New Delhi: There are 745 million more moderately to severely hungry people in the world today than in 2015, and the world is far off track in its efforts to meet an ambitious United Nations goal to end hunger by 2030, the U.N. said in a report on Friday (September 15). At the halfway point to the deadline set for achieving the 2030 Agenda for Sustainable Development, the world is seeing little to no improvement in most of the food and agriculture-related goals, said the report by the Food and Agriculture Organization, released ahead of a U.N. sustainable development summit next week in New York.
The lingering effects of the COVID-19 pandemic, along with other crises such as climate change and armed conflicts, are having widespread impacts. Progress made in the past two decades has stagnated, and in some cases even reversed.
Global food insecurity spiked sharply in 2020 as the pandemic disrupted food markets and drove up unemployment, but hunger has not returned to pre-pandemic levels. About 29.6 per cent of the global population – 2.4 billion people – was moderately or severely food insecure in 2022, up from 1.75 billion in 2015, the report said.
Undernourishment is worst in the global south, with hunger rising most in Sub-Saharan Africa.
The world has also seen no improvement towards a goal to halve food waste, which has remained at about 13 per cent since 2016. Countries should craft policy to reduce food loss, the report said.
Reuters reported last November that the lack of global progress on food waste is due to low public investment and clear policy, and wasteful consumer habits.
The world is also far from achieving goals to protect fish stocks, conserve forests, and reverse land degradation. Some progress has been made on water use efficiency and curbing illegal fishing.
(This story has not been edited by NDTV staff and is published from a syndicated feed.)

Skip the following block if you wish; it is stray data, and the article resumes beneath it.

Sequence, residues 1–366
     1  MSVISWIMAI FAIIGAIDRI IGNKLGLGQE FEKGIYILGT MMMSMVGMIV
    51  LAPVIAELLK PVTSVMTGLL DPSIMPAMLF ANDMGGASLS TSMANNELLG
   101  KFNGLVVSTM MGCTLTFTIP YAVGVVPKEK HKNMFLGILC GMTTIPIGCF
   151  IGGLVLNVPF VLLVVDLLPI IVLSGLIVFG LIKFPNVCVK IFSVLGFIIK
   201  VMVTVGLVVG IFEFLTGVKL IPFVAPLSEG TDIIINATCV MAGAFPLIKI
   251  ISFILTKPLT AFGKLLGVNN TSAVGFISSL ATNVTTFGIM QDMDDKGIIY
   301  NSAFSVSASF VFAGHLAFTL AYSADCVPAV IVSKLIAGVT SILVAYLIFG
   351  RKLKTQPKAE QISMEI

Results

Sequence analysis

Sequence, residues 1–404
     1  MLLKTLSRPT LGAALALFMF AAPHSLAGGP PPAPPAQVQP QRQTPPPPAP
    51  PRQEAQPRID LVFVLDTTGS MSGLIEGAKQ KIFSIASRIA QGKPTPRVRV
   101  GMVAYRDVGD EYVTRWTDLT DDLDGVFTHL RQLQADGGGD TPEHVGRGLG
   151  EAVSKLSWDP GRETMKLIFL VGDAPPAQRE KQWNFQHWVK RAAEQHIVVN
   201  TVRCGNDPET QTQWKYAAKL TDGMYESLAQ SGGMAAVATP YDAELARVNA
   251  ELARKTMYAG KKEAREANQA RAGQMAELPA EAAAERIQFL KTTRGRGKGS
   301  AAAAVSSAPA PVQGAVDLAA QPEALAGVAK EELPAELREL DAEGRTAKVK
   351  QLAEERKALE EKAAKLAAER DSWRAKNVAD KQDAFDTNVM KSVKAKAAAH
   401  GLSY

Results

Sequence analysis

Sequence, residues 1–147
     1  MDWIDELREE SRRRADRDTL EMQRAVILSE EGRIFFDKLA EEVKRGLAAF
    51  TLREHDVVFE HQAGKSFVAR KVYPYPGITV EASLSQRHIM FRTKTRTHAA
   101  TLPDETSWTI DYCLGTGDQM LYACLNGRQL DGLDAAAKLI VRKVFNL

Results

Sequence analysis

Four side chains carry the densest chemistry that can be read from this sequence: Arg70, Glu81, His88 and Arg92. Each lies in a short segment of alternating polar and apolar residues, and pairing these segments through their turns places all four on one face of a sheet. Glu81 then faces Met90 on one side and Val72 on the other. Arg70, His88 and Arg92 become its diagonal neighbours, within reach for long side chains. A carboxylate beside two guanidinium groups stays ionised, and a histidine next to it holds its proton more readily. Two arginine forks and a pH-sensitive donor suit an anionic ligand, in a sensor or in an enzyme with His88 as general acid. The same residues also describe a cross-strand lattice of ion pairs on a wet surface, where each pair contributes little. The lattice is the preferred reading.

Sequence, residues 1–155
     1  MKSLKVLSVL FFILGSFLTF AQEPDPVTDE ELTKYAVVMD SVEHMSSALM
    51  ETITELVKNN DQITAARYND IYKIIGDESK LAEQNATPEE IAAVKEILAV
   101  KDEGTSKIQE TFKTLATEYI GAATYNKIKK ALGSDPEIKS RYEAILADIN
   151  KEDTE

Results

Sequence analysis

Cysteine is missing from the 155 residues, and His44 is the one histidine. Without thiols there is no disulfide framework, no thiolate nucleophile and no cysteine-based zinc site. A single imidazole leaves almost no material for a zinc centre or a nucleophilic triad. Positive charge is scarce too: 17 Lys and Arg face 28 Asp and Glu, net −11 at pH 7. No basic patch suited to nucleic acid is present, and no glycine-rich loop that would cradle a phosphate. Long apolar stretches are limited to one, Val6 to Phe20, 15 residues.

NDTV – Dettol have been working towards a clean and healthy India since 2014 via the Banega Swachh India initiative, which is helmed by Campaign Ambassador Amitabh Bachchan. The campaign aims to highlight the inter-dependency of humans and the environment, and of humans on one another with the focus on One Health, One Planet, One Future – Leaving No One Behind. It stresses on the need to take care of, and consider, everyone’s health in India – especially vulnerable communities – theLGBTQ population,indigenous people, India’s different tribes, ethnic and linguistic minorities, people with disabilities, migrants, geographically remote populations, gender and sexual minorities. In wake of the currentCOVID-19 pandemic, the need for WASH (Water,SanitationandHygiene) is reaffirmed as handwashing is one of the ways to prevent Coronavirus infection and other diseases. The campaign will continue to raise awareness on the same along with focussing on the importance of nutrition and healthcare for women and children, fightmalnutrition, mental wellbeing, self care, science and health,adolescent health & gender awareness. Along with the health of people, the campaign has realised the need to also take care of the health of the eco-system. Our environment is fragile due to human activity, which is not only over-exploiting available resources, but also generating immense pollution as a result of using and extracting those resources. The imbalance has also led to immense biodiversity loss that has caused one of the biggest threats to human survival – climate change. It has now been described as a “code red for humanity.” The campaign will continue to cover issues likeair pollution,waste management,plastic ban,manual scavengingand sanitation workers andmenstrual hygiene. Banega Swasth India will also be taking forward the dream of Swasth Bharat, the campaign feels that only a Swachh or clean India wheretoiletsare used andopen defecation free (ODF)status achieved as part of the Swachh Bharat Abhiyan launched byPrime Minister Narendra Modiin 2014, can eradicate diseases like diahorrea and the country can become a Swasth or healthy India.